an·​te·​ces·​sor | \ ˌan-ti-ˈse-sər How to pronounce antecessor (audio) \

Definition of antecessor

: one that goes before : predecessor

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Did You Know?

Antecessor may remind you of "predecessor," its synonymous and more familiar cousin - and there's a good reason for that. Both words ultimately derive from the Latin verb cedere, meaning "to go." "Antecessor" ultimately derives from a combination of "cedere" and the Latin prefix ante-, meaning "before." "Predecessor" traces back to a different Latin prefix, prae-, which also means "before," combined with "decessor," a "cedere" descendant meaning "retiring governor." Cedere" has many other descendants in English, including "decease," "necessary," and "succeed." Descendants of both ante- and cedere include "antecedent," "ancestor," and the verb "antecede," a synonym of "precede."

Examples of antecessor in a Sentence

Recent Examples on the Web The physical features of H. antecessor have left anthropologists puzzling over its relationships with other early humans. Michael Price, Science | AAAS, "Mysterious human ancestor finds its place in our family tree," 1 Apr. 2020 The EVAs are both primal antecessors and evolved descendants of humans; occasionally, the two beings are one and the same. Maya Phillips, The New Yorker, "How “Neon Genesis Evangelion” Reimagined Our Relationship to Machines," 21 June 2019 In addition to marks showing flesh was stripped from the bone, evidence suggests the Gran Dolina residents—an ancient human relative called Homo antecessor—ate their victims’ brains. Kevin Webb, National Geographic, "Cannibalism Study Finds People Are Not That Nutritious," 6 Apr. 2017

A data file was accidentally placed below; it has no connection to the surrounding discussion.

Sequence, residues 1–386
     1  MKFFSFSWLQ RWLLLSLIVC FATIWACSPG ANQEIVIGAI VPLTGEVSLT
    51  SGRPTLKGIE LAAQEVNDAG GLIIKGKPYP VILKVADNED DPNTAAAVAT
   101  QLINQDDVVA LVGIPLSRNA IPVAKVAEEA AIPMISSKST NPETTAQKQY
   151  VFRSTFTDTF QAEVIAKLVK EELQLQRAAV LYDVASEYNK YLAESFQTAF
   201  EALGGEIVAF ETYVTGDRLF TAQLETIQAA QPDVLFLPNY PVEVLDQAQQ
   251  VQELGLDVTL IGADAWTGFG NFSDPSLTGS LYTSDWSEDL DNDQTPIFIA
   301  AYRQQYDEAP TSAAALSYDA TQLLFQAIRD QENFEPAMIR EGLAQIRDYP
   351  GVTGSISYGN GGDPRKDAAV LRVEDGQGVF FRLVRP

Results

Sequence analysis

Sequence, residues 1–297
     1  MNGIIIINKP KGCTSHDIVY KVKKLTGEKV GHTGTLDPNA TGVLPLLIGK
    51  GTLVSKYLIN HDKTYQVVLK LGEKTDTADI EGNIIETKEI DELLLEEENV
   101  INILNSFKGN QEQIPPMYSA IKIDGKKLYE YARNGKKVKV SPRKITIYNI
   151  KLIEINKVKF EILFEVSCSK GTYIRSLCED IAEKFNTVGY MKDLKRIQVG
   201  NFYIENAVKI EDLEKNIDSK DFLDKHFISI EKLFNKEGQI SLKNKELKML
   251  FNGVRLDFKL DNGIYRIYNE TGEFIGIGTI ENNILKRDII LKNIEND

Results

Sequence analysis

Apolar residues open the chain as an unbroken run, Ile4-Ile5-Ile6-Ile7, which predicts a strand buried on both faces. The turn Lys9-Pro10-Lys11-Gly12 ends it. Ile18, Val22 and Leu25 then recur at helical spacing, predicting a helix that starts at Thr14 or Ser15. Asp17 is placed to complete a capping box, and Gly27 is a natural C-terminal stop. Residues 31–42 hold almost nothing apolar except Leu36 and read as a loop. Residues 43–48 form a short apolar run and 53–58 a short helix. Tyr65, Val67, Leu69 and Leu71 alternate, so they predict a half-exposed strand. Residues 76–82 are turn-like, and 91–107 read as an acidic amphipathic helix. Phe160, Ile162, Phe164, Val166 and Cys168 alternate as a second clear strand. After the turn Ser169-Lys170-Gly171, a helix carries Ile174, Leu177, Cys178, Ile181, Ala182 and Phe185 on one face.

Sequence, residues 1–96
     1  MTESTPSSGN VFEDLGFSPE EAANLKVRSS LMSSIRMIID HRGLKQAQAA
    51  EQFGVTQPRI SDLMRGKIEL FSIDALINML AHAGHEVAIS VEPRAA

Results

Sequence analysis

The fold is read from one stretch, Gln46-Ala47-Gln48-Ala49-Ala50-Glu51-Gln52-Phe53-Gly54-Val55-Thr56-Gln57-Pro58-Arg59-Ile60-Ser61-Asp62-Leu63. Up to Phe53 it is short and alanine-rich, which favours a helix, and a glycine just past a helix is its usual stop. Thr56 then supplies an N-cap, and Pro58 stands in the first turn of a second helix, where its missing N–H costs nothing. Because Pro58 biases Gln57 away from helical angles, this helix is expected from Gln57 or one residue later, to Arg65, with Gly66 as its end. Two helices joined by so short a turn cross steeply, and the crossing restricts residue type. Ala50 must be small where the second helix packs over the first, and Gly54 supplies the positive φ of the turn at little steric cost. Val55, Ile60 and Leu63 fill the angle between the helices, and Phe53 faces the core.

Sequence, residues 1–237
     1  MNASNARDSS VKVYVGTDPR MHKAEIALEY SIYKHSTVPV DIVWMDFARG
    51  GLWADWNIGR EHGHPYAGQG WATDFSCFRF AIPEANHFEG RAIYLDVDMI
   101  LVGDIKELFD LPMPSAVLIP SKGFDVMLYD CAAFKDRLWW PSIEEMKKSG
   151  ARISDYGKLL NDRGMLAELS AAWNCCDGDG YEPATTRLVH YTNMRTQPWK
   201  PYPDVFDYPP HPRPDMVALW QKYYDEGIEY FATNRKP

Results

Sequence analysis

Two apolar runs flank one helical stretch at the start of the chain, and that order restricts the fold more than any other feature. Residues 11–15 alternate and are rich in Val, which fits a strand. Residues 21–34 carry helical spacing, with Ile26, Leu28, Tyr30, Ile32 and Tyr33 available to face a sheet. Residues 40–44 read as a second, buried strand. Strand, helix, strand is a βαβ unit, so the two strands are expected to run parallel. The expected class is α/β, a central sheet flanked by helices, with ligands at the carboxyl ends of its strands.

These example sentences are selected automatically from various online news sources to reflect current usage of the word 'antecessor.' Views expressed in the examples do not represent the opinion of Merriam-Webster or its editors. Send us feedback.

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First Known Use of antecessor

14th century, in the meaning defined above

History and Etymology for antecessor

Middle English antecessour, from Latin antecessor — more at ancestor

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The first known use of antecessor was in the 14th century

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Cite this Entry

“Antecessor.” Dictionary, Merriam-Webster, Accessed 9 May. 2021.

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